cat ~/.kube/kubeconfig | pulumi config set --secret kubernetes:kubeconfig
Next I created the Grafana resources. I use Helm again to deploy the Grafana application and use the Traefik IngressRoute CRD to route any requests to grafana.andrewmeier.dev to the Grafana service.
import * as k8s from '@pulumi/kubernetes'
import * as pulumi from '@pulumi/pulumi'
import * as random from '@pulumi/random'
import * as config from '../config'

const identifier = 'grafana'

const rawAdminPassword = new random.RandomPassword('admin-password', {
    length: 20
})

export const adminPassword = rawAdminPassword.result

const secret = new k8s.core.v1.Secret(identifier, {
    metadata: { namespace: config.monitoringNamespace},
    stringData: {
        user: 'admin',
        password: adminPassword
    }
})

const chart = new k8s.helm.v3.Chart(identifier, {
    chart: 'grafana',
    version: '6.24.1',
    fetchOpts: { repo: 'https://grafana.github.io/helm-charts' },
    namespace: config.monitoringNamespace,
    values: {
        // Use old version to provision notifiers
        image: { tag: '8.2.7' },
        testFramework: { enabled: false },
        persistence: {
            inMemory: { enabled: true }
        },
        admin: {
            existingSecret: secret.metadata.name,
            userKey: 'user',
            passwordKey: 'password'
        },
        'grafana.ini': {
            server: {
                root_url: pulumi.interpolate `https://${config.grafanaHost}`,
            },
            smtp: {
                enabled: true,
                host: 'email-smtp.us-east-1.amazonaws.com:587',
                user: config.smtpUserAccessKeyId,
                password: config.smtpUserSmtpPassword,
                from_address: '[email protected]'
            },
            users: {
                auto_assign_org_role: 'Admin'
            },
            'auth.proxy': {
                enabled: true,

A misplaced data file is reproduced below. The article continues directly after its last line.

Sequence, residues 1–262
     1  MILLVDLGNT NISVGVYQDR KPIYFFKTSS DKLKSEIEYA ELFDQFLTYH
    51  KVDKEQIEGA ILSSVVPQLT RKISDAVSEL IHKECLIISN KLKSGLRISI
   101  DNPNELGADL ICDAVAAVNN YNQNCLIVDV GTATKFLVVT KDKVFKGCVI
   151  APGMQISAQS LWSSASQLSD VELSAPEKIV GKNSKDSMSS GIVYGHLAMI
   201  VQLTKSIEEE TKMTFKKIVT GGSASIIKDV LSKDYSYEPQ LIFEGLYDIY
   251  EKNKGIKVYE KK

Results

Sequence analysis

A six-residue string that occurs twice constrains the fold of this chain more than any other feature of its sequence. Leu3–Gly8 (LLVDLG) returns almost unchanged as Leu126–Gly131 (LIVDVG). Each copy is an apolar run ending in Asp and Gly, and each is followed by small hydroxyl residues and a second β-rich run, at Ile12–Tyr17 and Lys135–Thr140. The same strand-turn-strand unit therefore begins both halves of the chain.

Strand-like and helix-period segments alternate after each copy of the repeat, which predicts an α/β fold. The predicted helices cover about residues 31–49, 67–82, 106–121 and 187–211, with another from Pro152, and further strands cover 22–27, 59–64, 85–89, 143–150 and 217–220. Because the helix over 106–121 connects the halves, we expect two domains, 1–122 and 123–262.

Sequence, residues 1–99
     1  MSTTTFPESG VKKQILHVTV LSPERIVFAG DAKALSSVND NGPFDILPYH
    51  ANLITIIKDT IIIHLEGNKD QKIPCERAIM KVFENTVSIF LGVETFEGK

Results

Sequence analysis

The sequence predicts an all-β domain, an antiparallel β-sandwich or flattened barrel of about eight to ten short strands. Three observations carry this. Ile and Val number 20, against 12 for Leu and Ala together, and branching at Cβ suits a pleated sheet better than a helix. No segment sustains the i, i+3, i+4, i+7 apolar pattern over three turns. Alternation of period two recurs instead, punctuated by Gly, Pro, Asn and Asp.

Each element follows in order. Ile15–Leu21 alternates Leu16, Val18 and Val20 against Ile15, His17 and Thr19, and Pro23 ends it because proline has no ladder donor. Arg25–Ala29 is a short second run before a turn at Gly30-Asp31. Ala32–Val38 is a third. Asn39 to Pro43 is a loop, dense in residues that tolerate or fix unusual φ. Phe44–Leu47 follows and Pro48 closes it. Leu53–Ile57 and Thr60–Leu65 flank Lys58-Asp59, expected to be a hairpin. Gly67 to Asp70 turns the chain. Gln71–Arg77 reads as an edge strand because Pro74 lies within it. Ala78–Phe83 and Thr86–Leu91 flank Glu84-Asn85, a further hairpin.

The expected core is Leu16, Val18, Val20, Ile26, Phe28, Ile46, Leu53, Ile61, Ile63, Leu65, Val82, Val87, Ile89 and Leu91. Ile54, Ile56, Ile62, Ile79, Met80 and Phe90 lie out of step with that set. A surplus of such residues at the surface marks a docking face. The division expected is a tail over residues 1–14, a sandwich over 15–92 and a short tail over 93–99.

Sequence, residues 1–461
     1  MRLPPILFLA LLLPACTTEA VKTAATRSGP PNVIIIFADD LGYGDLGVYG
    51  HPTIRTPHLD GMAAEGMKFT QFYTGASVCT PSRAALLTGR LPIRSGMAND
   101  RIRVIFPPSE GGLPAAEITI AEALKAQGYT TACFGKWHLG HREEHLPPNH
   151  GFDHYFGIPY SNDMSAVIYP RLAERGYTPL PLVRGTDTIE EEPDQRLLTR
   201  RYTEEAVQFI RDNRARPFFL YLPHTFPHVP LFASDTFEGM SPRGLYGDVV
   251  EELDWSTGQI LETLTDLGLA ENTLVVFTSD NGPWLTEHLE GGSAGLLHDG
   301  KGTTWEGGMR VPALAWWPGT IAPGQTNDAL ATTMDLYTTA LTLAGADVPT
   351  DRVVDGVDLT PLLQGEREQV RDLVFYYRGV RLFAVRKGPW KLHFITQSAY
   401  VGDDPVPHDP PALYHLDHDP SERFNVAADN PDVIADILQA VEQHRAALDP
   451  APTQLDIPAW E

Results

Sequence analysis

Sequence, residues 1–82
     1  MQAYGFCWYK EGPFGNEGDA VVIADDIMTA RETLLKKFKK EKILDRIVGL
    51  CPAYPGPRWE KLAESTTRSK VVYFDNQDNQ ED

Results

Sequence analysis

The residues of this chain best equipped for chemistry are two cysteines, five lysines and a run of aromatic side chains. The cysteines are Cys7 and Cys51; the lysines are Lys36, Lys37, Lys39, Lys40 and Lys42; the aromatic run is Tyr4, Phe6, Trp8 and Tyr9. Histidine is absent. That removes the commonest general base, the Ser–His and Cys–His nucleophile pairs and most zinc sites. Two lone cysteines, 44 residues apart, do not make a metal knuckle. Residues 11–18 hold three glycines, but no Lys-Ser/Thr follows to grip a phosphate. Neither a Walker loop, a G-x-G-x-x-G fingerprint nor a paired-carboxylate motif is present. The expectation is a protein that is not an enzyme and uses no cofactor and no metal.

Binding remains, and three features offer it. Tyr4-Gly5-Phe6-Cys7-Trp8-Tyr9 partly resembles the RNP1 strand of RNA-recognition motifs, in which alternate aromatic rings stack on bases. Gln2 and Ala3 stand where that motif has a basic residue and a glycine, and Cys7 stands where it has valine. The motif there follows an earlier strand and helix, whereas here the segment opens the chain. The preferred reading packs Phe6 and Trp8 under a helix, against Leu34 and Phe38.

header_name: 'Cf-Access-Authenticated-User-Email',
                header_property: 'email'
            }
        },
        datasources: {
            'datasources.yaml': {
                apiVersion: 1,
                datasources: [
                    {
                        name: 'Prometheus',
                        type: 'prometheus',
                        url: config.prometheusUrl,
                        access: 'proxy',
                        isDefault: true
                    },
                    {
                        name: 'Loki',
                        type: 'loki',
                        url: config.lokiUrl,
                        access: 'proxy',
                        jsonData: { maxLines: 1000 }
                    }
                ]
            }
        },
        notifiers: {
            'notifiers.yaml': {
                notifiers: [
                    {
                        name: 'email-notifier',
                        type: 'email',
                        uid: 'email1',
                        org_id: 1,
                        is_default: true,
                        settings: { addresses: config.email }
                    }
                ]
            }
        }
    }
})

const internalPort =
    pulumi.all([chart, config.monitoringNamespace]).apply(([chart, namespace]) => {
        const spec = chart.getResourceProperty('v1/Service', namespace, identifier, 'spec')
        return spec.ports[0].port
    })